Imagine you’re applying for a liquor license. It’s a comprehensive process full of checks and balances, and a fitness test to ensure you are responsible, credible and professional enough to hold a license. But cannabis? Prepare yourself for a different game, even though the rules are virtually the same. B.C.’s Liquor Control and Licensing Act and Cannabis Control and Licensing Act mirror one another. With this being the case, it’s easy to find yourself scratching your head wondering why the amount of paperwork involved in a cannabis license application is a mountain, compared to a molehill for its liquor counterpart. To apply for a Liquor Primary License (bar/lounge) or a Retail Cannabis Store, one must be deemed to be a “fit & proper person” by the Liquor Cannabis Branch, under the respective legislation. However, an application for a cannabis license requires an applicant to reveal everything to the Branch – nearly down to his or her blood type. The photo above demonstrates the severity of the issue. On the left is an application by an existing Liquor Primary licensee (who has already passed the “fit & proper” test) for a new liquor primary license. On the right is the same client’s cannabis retail application. Both applications are being submitted for the same person, to the same licensing branch. This successful business person has held a liquor license for years, in both B.C. and other provinces, and has already been deemed to pass the strict legislative criteria therein. It is also worth noting that government-run cannabis retail stores do not require any of this redundant hoop-jumping. This is only one example of the complete imbalance in the private cannabis retail sector, others including: Applicants for cannabis stores will innately struggle to find space for their locations, as commercial property owners will inevitably elect to lease to government retail locations (which are, of course, funded by tax payer dollars). If they already have space leased/owned for the location, they will have to pay the cost of the lease/mortgage while the space remains dormant, as nothing can be established without a license. Private sector cannabis stores are forced to purchase product from government cannabis suppliers, who of course also supply public sector locations. When faced with the impending shortages we are all expecting, it can be almost resolutely assured that government locations will take priority when considering who is “re-stocked” first. The obvious question is: why? Inadvertently or not, the government has stacked the decked in their favour when considering Retail Cannabis Licensing. The government sets the rules and takes priority. Their response to the question will be that “thorough checks are necessary to keep organized crime out of the newly legal industry.” However, they fail to recognize that penalizing reputable business people, who are active in already legal industries, is doing nothing to help bolster this new world of decriminalized cannabis. California has recently undergone cannabis legalization, a case study with many warnings that B.C. should heed and learn from. That market has, by some measurements, been a success. A recent New York Times article noted there has been much innovation: products popping up include cannabis roll-on pain relievers, cannabis for pets and cannabis-infused sparkling water. But what has it failed to do? Discourage the illegal market. The biggest issue is seemingly the most straightforward: regulated pot costs more. Those who have been involved in the illegal market aren’t usually keen on jumping through hoops to keep doing what they already do. Hezekiah Allen, executive director of the California Growers Association, echoed that sentiment in the New York Times article: It’s hard to persuade pot farmers who have been producing in the shadows for decades to fill out voluminous paperwork, pay taxes and comply with reams of environmental regulations. The next factor that ultimately comes into play is comfort. Consumers who already purchase illegal marijuana know their dealer, and likely get their product cheaper. It’s also heckuva lot more convenient seeing as there’s one lone (government-run) cannabis storefront in this province thus far. That’s despite 173 private cannabis retail applications being submitted, that we know of. To successfully shift illicit sales to the legal market, products must be cheaper, and more readily available. In summary, the issue is clear: the government isn’t forced to jump through unnecessary hoops to set up shop in the first place, or incur huge licensing costs, which are both factors affecting the private sector. Without a strategy that promotes and assists the private sector, these redundant rules will continue to feed the beast that is the illegal cannabis market. B.C.’s pot regulating approach thus far sees the government with a royal flush, the private sector hard-pressed not to fold in the face of adversity, and hopes of a diminished illegal market going down the drain.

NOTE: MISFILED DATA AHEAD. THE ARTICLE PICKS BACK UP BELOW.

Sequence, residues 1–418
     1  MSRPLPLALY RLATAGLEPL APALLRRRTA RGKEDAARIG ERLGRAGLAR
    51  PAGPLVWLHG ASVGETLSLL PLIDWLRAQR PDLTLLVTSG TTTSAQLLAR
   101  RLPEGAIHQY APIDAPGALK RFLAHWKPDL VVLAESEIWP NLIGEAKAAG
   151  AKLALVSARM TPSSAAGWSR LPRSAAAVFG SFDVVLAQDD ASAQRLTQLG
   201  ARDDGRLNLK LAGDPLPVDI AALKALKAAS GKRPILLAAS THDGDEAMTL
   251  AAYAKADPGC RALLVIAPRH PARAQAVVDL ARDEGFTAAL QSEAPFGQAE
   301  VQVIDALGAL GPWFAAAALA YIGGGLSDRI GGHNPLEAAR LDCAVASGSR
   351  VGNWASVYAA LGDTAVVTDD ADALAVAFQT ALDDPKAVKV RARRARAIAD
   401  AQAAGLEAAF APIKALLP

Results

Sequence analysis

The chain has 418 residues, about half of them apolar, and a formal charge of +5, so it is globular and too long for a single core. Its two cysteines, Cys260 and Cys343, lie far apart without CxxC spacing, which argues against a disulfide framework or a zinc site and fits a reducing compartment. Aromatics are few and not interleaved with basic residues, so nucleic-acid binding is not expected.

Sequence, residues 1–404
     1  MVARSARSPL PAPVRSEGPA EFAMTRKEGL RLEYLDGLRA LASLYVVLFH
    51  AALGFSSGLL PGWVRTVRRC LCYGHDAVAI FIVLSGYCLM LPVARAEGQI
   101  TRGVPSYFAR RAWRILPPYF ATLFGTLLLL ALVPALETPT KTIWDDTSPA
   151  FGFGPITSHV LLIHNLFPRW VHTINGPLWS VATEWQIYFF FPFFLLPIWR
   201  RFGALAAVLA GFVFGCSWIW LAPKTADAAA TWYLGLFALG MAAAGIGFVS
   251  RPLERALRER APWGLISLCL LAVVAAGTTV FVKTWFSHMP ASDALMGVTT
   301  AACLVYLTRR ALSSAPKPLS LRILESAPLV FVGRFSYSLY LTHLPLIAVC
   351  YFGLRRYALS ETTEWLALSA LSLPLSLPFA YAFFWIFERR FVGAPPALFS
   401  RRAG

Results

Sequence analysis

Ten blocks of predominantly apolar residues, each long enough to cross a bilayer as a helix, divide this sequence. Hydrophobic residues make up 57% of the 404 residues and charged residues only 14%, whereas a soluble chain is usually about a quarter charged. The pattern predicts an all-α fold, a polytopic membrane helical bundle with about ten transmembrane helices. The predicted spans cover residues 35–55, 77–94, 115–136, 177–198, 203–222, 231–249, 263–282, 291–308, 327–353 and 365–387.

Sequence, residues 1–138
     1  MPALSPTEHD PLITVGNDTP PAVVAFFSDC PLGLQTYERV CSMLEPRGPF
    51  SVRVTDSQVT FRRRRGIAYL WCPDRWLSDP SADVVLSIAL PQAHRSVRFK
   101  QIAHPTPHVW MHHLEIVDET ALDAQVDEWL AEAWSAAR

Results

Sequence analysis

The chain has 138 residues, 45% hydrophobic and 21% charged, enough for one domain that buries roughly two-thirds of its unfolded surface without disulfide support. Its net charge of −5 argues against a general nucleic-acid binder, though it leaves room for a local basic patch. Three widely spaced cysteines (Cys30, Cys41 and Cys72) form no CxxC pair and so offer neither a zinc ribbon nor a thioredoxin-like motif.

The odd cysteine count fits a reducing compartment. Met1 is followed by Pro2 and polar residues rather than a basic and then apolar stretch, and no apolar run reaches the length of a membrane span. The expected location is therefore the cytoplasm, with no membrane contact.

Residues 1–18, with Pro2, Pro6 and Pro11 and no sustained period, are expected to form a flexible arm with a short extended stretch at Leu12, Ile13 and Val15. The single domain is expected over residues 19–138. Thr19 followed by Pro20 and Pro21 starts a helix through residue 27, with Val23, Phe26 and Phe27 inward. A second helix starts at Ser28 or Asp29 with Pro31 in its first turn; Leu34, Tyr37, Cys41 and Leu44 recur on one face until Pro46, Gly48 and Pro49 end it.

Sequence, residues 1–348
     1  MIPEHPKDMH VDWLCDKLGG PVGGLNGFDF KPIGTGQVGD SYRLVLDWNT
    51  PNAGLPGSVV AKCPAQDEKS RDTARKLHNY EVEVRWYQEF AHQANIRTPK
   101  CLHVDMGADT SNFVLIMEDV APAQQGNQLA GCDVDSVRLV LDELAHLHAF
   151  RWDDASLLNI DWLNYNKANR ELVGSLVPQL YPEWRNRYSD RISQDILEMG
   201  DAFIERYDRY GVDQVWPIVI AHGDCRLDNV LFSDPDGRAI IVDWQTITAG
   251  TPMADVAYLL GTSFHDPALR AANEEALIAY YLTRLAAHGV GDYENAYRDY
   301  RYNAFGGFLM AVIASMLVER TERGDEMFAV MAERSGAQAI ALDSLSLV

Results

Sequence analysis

Source: Rising Tide Consultants

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